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Undocumented students find acceptance in student organization

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Texas State students held a silent demonstration on the steps of Alkek Library Sept. 5 in response to Trump's decision to rescind DACA.
Photo by Lara Dietrich

Undocumented students founded an organization of their own on campus, which they now lean on for support in the current political climate.

The Student Community of Progressive Empowerment originated at Texas State in 2015 with the mission as a “safe space that protects students from being mistreated because of their undocumented or DACAmented status,” according to its website. Deferred Action for Childhood Arrivals, protects young undocumented immigrants from deportation.

Isabel Esparza, English sophmore and president of SCOPE, said she identifies herself as an ally, a person who is a legally documented citizen interested in aiding those who are undocumented. Helping her is Yunuen Alvarado, journalism sophomore and vice president. Alvarado is an undocumented immigrant.

“It’s a good place to be in this current political climate, because growing up undocumented, I remember feeling really alone,” Alvarado said. “So having an organization like SCOPE with other members going through similar things, or maybe their family members are going through similar things, it’s really comforting because you build a sense of community.”

Alvarado said the membership process can be intimidating to some students. SCOPE does what it can do to protect members’ safety and privacy, such as posting meeting times and dates, but not locations. The organization is not limited to immigrants. Students who are documented or natural-born citizens are welcome to join as supportive allies and SCOPE members.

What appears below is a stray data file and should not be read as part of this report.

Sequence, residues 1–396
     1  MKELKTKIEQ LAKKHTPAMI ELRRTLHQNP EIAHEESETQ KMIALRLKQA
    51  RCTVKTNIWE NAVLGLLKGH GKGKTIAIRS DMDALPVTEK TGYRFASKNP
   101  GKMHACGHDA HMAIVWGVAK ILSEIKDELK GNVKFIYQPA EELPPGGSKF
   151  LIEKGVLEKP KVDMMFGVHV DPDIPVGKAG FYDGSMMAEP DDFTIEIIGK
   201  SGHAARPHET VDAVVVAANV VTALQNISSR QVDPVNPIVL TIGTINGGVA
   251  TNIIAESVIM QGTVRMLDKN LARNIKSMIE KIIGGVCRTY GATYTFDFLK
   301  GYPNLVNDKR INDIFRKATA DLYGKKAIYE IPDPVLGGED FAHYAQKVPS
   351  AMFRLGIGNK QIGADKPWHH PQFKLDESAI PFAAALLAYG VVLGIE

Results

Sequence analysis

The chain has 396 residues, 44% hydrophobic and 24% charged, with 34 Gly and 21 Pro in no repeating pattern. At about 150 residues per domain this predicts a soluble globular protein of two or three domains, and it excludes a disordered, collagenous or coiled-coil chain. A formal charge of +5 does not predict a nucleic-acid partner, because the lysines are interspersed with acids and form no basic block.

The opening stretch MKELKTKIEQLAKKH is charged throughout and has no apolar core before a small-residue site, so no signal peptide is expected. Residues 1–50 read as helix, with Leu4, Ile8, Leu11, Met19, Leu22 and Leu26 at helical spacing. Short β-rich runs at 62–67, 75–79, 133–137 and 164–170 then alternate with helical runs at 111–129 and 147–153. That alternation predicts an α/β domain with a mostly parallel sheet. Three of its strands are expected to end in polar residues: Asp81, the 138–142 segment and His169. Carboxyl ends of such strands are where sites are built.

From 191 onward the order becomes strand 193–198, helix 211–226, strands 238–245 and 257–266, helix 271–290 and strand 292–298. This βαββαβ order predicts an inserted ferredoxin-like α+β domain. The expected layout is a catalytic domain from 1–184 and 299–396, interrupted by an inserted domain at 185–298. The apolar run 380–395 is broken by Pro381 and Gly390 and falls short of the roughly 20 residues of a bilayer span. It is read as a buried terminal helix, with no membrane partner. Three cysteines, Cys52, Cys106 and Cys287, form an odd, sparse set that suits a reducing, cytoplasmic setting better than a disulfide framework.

Esparza said SCOPE’s main function is to meet and share stories. Members have discussed issues of undocumented veterans, deportation and daily life on campus. Primarily, the organization meets to provide a home away from home for members to relate to each other.

“We provide information that undocumented people need, and resources for allies on how they can help,” Esparza said.

Esparza grew up in Fort Worth, in what she calls a predominantly white neighborhood. Esparza said she felt a culture shock when moving to San Marcos. She felt more in touch with her Latina roots at a Hispanic Serving Institution and joined SCOPE to give back to undocumented individuals who have always been there for her growing up.

“I joined because there are immigrants in my family. A lot of my friends are immigrants,” Esparza said. “It’s just a cause I’ve always been passionate about.”

Esparza said her time at Texas State holds a deeper meaning being a part of SCOPE. Esparza found her time as a general member informative, and her recent promotion to president humbling.

Currently, SCOPE accepts any and all students to join, attend workshops and meetings and share their stories. However, since the rescinding of DACA, SCOPE is not taking further media requests and is holding any and all events with higher security to protect the privacy of its members.

“We want to make sure immigrants know their rights and know that if they are pulled over, there are things they can do to protect themselves,” Esparza said.

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